CQC Inspector arrested on suspicion of money laundering & bribery

April 26, 2012 | By | Reply More

The City of London Police today arrested an ex-employee of the Care Quality Commission, as part of an ongoing investigation concerning allegations that proprietors of care homes were being pressurised into paying fees for favourable inspection reports.


In an early morning operation, a 43 year-old woman was arrested by detectives at her home in Northamptonshire on suspicion of bribery and money laundering. She is currently being questioned at a local police station.


The force, which is the police service lead for economic crime, is now appealing to anyone working within the care home industry who has experienced similar circumstances to contact the Care Quality Commission on 03000 616161 and report their concerns.


DI James Clancey, from the City of London Police, said: “We are working closely with CQC to thoroughly investigate these allegations. We are appealing with to anyone who may have information linked to these allegations to come forward”.


The Care Quality Commission commented;


A CQC inspector has been dismissed for gross misconduct after an internal investigation revealed that the impartiality of their regulatory judgements had been seriously compromised. This came to light as a result of whistle-blowing information to the CQC.


No additional detail can be provided as CQC has now referred this matter to the police.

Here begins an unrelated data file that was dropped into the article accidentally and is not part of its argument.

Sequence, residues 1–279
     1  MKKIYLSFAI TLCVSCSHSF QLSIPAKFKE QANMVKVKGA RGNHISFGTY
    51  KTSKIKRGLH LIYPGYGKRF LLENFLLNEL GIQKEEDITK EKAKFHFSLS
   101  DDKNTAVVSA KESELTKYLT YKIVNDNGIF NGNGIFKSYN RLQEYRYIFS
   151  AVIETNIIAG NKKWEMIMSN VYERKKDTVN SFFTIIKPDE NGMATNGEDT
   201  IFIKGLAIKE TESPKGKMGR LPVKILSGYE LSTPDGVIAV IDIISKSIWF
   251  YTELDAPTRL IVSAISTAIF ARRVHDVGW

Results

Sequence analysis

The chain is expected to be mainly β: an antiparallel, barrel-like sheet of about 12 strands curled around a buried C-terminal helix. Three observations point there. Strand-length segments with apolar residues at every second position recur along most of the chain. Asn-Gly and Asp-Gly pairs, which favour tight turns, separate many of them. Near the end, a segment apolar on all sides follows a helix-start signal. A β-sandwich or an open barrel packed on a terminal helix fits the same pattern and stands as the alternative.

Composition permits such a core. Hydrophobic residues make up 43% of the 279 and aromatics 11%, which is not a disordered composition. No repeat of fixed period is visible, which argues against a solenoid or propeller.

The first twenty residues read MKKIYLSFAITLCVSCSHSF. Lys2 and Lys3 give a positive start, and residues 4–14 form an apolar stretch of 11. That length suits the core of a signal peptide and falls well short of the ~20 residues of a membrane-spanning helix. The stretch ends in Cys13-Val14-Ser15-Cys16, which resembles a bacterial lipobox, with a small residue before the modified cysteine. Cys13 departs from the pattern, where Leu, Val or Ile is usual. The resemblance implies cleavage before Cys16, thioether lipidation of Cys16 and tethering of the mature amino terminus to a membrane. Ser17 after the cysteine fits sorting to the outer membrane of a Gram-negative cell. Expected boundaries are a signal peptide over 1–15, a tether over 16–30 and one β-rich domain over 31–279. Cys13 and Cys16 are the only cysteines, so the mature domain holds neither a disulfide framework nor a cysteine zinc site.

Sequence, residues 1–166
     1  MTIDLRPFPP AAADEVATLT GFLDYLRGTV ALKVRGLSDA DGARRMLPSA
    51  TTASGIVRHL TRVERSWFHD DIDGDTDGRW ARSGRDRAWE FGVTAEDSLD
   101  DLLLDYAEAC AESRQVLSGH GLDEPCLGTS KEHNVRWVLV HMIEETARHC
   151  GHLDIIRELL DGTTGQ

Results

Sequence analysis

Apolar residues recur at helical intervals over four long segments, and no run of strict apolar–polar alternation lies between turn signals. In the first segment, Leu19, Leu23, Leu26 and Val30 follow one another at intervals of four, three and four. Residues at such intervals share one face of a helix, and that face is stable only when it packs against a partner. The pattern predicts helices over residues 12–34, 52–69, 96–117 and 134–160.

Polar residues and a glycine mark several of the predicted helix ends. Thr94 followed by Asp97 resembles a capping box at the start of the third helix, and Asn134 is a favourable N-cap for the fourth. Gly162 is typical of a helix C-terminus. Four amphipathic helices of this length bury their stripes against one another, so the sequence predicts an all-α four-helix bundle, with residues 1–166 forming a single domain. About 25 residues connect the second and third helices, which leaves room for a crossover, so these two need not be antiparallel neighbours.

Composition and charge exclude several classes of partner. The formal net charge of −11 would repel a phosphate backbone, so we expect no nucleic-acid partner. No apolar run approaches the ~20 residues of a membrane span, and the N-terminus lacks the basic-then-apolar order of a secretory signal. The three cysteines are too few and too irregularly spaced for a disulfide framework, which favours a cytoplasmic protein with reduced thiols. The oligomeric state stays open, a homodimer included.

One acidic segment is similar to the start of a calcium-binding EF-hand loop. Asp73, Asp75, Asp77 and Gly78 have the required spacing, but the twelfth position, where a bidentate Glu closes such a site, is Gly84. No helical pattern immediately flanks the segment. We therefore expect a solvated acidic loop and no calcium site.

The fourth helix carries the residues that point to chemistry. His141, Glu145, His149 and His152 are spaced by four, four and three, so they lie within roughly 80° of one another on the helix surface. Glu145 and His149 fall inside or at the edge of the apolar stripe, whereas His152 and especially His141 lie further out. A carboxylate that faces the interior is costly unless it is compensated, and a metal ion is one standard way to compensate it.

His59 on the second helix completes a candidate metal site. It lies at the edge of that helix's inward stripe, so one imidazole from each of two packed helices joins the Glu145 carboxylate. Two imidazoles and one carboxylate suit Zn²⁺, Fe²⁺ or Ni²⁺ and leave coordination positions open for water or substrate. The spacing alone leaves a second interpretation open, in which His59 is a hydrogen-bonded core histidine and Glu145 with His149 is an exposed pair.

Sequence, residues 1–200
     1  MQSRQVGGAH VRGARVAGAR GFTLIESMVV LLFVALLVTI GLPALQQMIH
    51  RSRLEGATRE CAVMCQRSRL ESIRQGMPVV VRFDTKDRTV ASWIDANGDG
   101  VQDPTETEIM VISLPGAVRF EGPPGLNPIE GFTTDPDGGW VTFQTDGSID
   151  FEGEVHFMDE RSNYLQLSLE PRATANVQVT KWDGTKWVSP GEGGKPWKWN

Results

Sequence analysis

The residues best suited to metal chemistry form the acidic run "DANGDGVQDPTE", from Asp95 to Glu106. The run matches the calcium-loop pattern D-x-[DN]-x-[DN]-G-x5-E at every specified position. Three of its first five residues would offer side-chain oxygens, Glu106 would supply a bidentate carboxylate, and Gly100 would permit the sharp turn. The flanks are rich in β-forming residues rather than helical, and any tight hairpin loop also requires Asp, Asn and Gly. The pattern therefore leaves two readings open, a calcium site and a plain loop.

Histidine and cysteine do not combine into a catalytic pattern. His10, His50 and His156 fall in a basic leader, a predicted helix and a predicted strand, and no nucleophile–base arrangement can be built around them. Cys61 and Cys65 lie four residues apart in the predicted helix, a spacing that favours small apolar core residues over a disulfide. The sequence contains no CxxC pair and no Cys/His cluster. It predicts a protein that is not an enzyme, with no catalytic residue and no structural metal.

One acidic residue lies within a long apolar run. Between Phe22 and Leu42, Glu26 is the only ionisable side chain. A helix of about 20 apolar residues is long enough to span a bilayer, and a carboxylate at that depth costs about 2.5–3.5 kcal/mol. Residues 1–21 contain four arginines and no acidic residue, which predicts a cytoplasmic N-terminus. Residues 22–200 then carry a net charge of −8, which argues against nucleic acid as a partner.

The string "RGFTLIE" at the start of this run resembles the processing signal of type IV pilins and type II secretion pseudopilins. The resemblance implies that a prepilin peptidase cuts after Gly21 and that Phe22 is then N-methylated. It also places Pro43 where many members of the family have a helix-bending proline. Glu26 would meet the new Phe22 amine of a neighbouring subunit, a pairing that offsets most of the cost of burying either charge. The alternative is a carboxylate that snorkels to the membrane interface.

Louise Guss, Director of Governance and Legal Services, said:


“Our inspectors operate to extremely high standards of integrity and professionalism. Unfortunately, in any large workforce there is a risk that a tiny minority may act in a way that betrays the principles of their colleagues and of the organisation as a whole, which is what has happened here.


“Having investigated allegations made to us about this inspector and found these were substantiated, we terminated their employment with immediate effect and referred the matter to the police.


“This inspector has failed the organisation, failed the providers who rely on us to act fairly and impartially, and – most importantly – failed in their responsibility to protect people who use services through identification of poor care.


“CQC operates a zero tolerance policy in regard to fraudulent or dishonest behaviour. As this case makes clear, we take any credible allegations relating to this behaviour extremely seriously and, following a full investigation, will take the swiftest and most severe action possible against any member of staff found guilty.”


If any care providers have concerns about the behaviour of a CQC inspector – or someone purporting to be a CQC inspector – please call 03000 616161 to discuss these concerns.




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Category: Care Home News, Care Industry News, Care Inspectorate, CQC

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